- (b)
- Guided Backpropagation—In this approach, during the backpropagation, the gradients of the outputs are computed with respect to the inputs [21]. The RELU activation function is applied to the input gradients, and direct backpropagation is performed, ensuring that the backpropagation of non-negative gradients does not occur.
- (c)
- Deconvolution—This approach is similar to the guided backpropagation approach wherein it applies RELU to the output gradients instead of the input gradients and performs direct backpropagation [17]. Similarly, RELU backpropagation is overridden to allow only non-negative gradients to be backpropagated.
- (d)
- Input X Gradient—It extends the saliency approach such that the contribution of each input to the final prediction is checked by multiplying the gradients of outputs and their corresponding inputs in a setting of a system of linear equations AX = B where A is the gradient and B is the calculated final contribution of input X [22].
- (e)
- Integrated Gradients—This technique [23] calculates the path integral of the gradients along the straight line path from the baseline ${x}^{\prime}$ to the input x. It satisfies the axioms of Completeness i.e., the attributions must account for the difference in output for the baseline ${x}^{\prime}$ and input x, Sensitivity—i.e., a non-zero attribution must be provided even to inputs that flatten the prediction function where the input differs from the baseline—and Implementation Invariance of gradients—i.e., two functionally equivalent networks must have identical feature attributions. It requires no instrumentation of the deep neural network for its application. All the gradients along the straight line path from ${x}^{\prime}$ to x are integrated along the ith dimension as:$$I{G}_{i}\left(x\right)::=({x}_{i}-{x}_{i}^{\prime})\times {\int}_{\alpha =0}^{1}\frac{\partial F({x}^{\prime}+\alpha \times (x-{x}^{\prime}))}{\partial {x}_{i}}d\alpha .$$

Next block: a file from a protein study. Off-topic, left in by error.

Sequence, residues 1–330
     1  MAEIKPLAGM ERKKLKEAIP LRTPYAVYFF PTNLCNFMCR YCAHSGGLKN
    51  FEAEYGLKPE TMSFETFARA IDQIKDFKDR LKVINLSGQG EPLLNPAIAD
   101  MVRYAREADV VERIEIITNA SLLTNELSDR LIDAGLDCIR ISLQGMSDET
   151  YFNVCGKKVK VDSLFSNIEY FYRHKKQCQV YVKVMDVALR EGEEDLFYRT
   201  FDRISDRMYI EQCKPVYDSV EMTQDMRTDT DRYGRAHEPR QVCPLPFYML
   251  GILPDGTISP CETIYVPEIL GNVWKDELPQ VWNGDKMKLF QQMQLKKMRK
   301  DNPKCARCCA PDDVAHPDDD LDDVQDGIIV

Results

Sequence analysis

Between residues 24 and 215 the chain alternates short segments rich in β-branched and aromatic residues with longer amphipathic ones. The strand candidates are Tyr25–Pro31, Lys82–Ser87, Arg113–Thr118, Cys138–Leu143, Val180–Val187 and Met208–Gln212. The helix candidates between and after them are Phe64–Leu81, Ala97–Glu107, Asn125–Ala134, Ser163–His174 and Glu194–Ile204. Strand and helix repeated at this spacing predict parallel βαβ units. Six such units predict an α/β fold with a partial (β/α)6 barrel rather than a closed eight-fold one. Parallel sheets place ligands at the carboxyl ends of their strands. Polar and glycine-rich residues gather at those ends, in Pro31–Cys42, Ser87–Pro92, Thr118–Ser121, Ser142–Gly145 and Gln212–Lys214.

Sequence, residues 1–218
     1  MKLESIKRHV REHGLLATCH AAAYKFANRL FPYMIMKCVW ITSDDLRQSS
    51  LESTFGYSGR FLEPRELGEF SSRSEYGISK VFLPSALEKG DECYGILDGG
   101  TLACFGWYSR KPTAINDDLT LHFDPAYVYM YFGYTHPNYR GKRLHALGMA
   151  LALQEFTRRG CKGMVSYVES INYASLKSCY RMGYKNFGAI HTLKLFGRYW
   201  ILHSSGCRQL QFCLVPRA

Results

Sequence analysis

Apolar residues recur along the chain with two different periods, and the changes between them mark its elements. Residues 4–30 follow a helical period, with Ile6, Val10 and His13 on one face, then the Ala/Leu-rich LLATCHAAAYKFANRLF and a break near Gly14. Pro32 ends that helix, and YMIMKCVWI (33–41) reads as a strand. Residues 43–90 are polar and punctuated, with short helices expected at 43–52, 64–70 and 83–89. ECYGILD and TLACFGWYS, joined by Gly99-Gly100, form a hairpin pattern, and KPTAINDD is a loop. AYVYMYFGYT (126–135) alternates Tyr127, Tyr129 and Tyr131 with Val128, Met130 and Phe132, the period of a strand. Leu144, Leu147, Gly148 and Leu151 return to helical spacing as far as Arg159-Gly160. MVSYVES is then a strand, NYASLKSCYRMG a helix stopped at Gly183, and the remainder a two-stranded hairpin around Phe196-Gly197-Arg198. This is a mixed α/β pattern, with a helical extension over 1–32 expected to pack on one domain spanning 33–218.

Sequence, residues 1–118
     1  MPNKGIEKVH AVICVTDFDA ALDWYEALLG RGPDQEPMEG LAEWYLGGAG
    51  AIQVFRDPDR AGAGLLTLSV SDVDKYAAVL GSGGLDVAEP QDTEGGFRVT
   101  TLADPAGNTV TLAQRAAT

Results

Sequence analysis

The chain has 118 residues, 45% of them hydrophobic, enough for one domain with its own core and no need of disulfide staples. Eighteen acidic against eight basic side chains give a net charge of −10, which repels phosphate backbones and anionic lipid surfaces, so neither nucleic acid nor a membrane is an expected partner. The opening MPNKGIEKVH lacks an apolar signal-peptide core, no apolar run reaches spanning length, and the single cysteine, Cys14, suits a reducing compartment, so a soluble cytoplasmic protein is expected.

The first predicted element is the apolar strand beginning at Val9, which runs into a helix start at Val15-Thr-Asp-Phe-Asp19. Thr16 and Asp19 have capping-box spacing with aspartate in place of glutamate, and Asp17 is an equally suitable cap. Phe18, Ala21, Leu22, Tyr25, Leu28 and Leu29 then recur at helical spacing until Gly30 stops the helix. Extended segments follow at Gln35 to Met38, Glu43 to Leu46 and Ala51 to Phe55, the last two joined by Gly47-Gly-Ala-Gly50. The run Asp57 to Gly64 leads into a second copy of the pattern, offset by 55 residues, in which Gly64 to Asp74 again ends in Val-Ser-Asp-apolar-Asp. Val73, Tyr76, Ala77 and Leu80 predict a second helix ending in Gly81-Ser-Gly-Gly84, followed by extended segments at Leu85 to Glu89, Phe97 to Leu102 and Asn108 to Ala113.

- (f)
- Grad Times Image—In this technique [22], the gradients are multiplied with the image itself. It is a predecessor of the DeepLift method, as the activation of each neuron for a given input is compared to its reference activation, and contribution scores are assigned according to the difference for each neuron.
- (g)
- DeepLift—It is a method [24] that considers not only the positive but also the negative contribution scores of each neuron based on its activation concerning its reference activation. The difference in the output of the activation function of the neuron t under observation is calculated based on the difference in input with respect to a reference input. Contribution scores for each of the preceding neurons ${x}_{1},\dots ,{x}_{n}$ that influence t are assigned ${C}_{{\u25b5{x}_{i}}_{\u25b5t}}$, which sums up to the difference in t’s activation:$$\sum _{i=1}^{n}{C}_{{\u25b5{x}_{i}}_{\u25b5t}}=\u25b5t.$$
- (h)
- DeepLiftShap—This method extends the DeepLift method and computes the SHAP values on an equivalent, linear approximation of the model [13]. It assumes the independence of input features. For model f, the effective linearization from SHAP for each component is computed as:$${\varphi}_{i}({f}_{3},y)\approx {m}_{{y}_{i}{f}_{3}}({y}_{i}-E\left[{y}_{i}\right]).$$
- (i)
- GradientShap—This technique also assumes the independence of the inputs and computes the game-theoretic SHAP values of the gradients on the linear approximation of the model [13]. Gaussian noise is added to randomly selected points, and the gradients of their corresponding outputs are computed.
- (j)
- Guided GradCAM—The Gradient-Weighted Class Activation Mapping approach provides a means to visualise the regions of an image input that are predominant in influencing the predictions made by the model. This is done by visualising the gradient information pertaining to a specific class in any layer of the user’s choice. It can be applied to any CNN-based model architecture. The guided backpropagation and GradCAM approaches are combined by computing the element-wise product of guided backpropagation attributions with upsampled GradCAM attributions [25].